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Thursday, June 6 • 1:15pm - 2:15pm
Minding Your Ps and Qs: Predatory Journals, Piracy, and Quality Questions

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Once upon a time, serials librarians could point to a clear delineation between quality journals and those that didn’t measure up. The rise of predatory journals and the dubious methods they use to attract researchers to publish in them is creating disruption in the scholarly publishing landscape. One result is a blurring of the lines between what should be in library collections and what shouldn’t. Additionally, less experienced scholars are confused about where to publish and even distinguished academics can unknowingly agree to be on editorial boards or even become editors of problematic journals.

Two views of this challenging landscape will be presented. The first presentation, from a former academic/corporate librarian and currently editor of a magazine for librarians, outlines dangers such as pirated versions of scholarly articles and concerns that inappropriate, incorrect, and incoherent “sting” articles being accepted in open access journals have soured the general public on the expertise of scientists. In a “fake news” world, debasing scholarly research is a potent threat to academic disciplines and to libraries. Ideas on how to identify publishers who might be predatory and guard against researchers publishing in their journals will be provided, given the demise of Beall’s list and the huge growth in the subscription lists published by Cabells. Practical tips for librarians dealing with piracy and predatory publishing will focus on the need for quality, the marketing of library services in support of scholarly communication, and connecting with our varied communities that are affected by a diminution of authority of valid scholarly research.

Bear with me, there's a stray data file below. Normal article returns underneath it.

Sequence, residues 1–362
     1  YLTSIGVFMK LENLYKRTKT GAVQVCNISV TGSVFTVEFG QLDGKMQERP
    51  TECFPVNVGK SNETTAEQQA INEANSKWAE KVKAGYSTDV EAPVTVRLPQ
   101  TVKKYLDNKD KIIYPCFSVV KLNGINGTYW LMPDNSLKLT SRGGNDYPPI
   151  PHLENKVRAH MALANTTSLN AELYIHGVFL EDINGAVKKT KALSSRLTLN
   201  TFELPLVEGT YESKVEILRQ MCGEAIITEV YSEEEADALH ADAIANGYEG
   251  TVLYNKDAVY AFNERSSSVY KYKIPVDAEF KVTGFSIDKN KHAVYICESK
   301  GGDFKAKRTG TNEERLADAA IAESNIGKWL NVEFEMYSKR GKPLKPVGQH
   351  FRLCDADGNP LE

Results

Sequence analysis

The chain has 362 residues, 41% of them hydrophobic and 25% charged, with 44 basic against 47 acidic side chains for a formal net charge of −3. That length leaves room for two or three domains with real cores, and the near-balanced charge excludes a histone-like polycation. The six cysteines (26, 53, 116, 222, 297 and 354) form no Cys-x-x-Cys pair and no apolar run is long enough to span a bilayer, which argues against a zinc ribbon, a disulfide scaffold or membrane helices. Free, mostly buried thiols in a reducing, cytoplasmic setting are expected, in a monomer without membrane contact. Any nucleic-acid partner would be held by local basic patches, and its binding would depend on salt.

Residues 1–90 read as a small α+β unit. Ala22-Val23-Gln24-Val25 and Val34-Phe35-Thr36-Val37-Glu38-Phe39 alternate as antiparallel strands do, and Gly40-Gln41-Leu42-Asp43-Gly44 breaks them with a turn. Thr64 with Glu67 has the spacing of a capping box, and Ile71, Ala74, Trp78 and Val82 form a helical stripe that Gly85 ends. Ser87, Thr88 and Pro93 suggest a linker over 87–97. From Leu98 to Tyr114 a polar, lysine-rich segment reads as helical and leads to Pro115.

The second presentation, from the head of the U.S ISSN Center, recounts the experiences of ISSN staff on the front lines of dealing with the full range of new publishers and explores the broader questions raised by the predatory publishing phenomenon. Libraries, academia, traditional publishers, and others need to continue grappling with their roles and responsibilities regarding this new reality. Are all start-up open access journals predatory? Are blacklists or whitelists the answer given the controversy and about Beall’s List and the potential for bias in any blacklist? What part does the open-access trend play? Are cosmetic flaws such as poor English in front matter always indicative of low quality articles? Can good research be found in non-mainstream journals? Even more fundamentally, what are the market forces and online environment characteristics that have given rise to this situation? What role and responsibility do the large subscription publishers have? Is predatory publishing an unanticipated consequence of the high cost of traditional journals? What is the information community now doing and what can it change in order to at least mitigate the worst aspects of the new publishing landscape.

avatar for Marydee Ojala

Marydee Ojala

Editor-in-Chief, Online Searcher
Marydee Ojala is the Editor-in-Chief of Online Searcher magazine (www.infotoday.com/onlinesearcher) and Editor of ILI 365 eNews (www.infotoday.eu). A frequent speaker at library and technology conferences worldwide, she also serves as program director for a number of conferences... Read More →
avatar for Regina Romano Reynolds

Regina Romano Reynolds

Director, U.S. ISSN Center, Library of Congress
Regina Romano Reynolds is director of the U.S. ISSN Center and head of the ISSN Section at the Library of Congress. She was a member of the U.S. RDA Test Coordinating Committee and co-chaired the internal LC group that recommended LC projects based on the report of the Working Group... Read More →

Thursday June 6, 2019 1:15pm - 2:15pm EDT
Monongahela - 17th Floor